Objectives: To develop a patient safety course for medical residents based on the views of medical residents and their supervisors.
Methods: In 2007, questionnaires were distributed to investigate residents' and supervisors' perspectives on the current patient safety performance and educational needs of residents. These perspectives were categorized according to the factors that influence daily practice as described in the London Protocol. Selection of course content and corresponding learning goals was made by an expert panel and based on the questionnaires' outcomes.
Results: One hundred sixteen (64%) respondents filled out the questionnaire. Residents rated health care as significantly safer than supervisors. Close links were found between described risks and expressed educational needs. Both were found to be predominantly related to team factors, work environmental factors, and individual factors. The principal course themes that were selected are as follows: (1) principles of patient safety, (2) human factors, (3) effective teamwork, (4) contribution to safer care, and (5) medicolegal aspects of patient safety.
Conclusions: Residents are not fully aware of all potential risks of their work and of their own role in patient safety. This underlines the need for an explicit focus on patient safety issues during their training. A needs assessment among involved parties engages respondents in the process and can provide valuable input for developing patient safety education for residents.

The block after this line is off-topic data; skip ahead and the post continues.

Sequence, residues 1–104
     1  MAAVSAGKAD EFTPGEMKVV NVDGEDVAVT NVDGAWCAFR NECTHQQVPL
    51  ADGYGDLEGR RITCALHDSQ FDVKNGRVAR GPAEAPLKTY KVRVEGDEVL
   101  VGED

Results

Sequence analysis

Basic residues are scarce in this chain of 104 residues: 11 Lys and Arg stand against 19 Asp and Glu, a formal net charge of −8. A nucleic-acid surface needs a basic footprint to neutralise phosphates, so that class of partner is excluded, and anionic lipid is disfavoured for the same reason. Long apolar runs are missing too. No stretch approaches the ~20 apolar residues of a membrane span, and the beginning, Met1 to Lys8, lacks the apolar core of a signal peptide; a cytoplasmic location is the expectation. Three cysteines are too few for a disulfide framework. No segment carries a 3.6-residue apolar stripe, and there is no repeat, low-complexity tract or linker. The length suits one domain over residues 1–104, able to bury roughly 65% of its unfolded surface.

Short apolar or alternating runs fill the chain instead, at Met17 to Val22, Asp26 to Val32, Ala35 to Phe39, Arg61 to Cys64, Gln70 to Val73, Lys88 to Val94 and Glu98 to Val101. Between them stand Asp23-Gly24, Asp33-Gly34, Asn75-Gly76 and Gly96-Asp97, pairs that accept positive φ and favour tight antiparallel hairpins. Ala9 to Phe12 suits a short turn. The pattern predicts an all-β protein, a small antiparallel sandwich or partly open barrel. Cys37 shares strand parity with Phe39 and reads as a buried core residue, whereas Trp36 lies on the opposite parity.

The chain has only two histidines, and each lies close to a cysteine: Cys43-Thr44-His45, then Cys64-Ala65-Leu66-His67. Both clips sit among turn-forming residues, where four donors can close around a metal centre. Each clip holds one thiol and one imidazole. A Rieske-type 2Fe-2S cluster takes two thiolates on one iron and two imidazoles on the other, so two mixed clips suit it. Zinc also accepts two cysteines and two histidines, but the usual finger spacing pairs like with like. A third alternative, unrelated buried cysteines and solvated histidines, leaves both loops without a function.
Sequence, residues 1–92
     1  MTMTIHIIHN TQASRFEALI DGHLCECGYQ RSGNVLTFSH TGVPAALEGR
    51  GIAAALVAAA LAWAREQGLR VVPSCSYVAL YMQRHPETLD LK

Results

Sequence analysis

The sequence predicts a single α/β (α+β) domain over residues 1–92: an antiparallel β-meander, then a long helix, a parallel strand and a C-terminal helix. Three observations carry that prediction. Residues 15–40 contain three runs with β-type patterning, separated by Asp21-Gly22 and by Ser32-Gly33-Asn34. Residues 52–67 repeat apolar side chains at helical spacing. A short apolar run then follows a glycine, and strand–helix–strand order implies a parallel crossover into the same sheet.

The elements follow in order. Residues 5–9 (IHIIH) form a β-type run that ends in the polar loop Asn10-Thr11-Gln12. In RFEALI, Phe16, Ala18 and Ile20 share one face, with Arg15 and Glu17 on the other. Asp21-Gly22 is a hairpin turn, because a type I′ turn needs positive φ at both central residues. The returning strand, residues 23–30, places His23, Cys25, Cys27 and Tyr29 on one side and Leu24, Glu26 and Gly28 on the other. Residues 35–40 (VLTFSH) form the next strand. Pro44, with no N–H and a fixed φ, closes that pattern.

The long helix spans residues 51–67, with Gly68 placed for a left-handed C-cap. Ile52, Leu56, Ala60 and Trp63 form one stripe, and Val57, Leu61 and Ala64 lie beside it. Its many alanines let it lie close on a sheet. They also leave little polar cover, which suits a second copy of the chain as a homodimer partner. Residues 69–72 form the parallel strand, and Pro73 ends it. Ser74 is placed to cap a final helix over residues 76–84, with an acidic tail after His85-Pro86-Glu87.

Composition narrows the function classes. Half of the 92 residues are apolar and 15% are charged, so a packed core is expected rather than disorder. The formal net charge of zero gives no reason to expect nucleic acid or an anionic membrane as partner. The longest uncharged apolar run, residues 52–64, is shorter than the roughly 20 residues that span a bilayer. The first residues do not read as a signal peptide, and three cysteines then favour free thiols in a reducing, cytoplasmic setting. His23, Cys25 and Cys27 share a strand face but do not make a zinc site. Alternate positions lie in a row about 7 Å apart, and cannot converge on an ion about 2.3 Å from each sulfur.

From the *Foreest Medical School, Medical Center Alkmaar, Alkmaar; †EMGO Institute for Health and Care Research, VU University Medical Center; ‡NIVEL Netherlands Institute for Health Services Research, Utrecht; and §VU University Medical Center, Institute for Education and Training, Amsterdam, The Netherlands.
Correspondence: José D. Jansma, MSc, Foreest Medical School Medical Center Alkmaar, Wilhelminalaan 12, Room 054, 1815JD Alkmaar, The Netherlands (e-mail: email@example.com).
With financial support from Foreest Medical School of Medical Center Alkmaar, and the Ministry of Health, Welfare and Sport in the Netherlands, this study was conducted as part of the Dutch Patient Safety Research Program. This Program is initiated by the Dutch Society of Medical Specialists (in Dutch: Orde van Medisch Specialisten) and the Dutch Institute for Healthcare Improvement (CBO) and is carried out by EMGO Institute for Health and Care Research, VU University Medical Center/NIVEL Netherlands Institute for Health Services Research.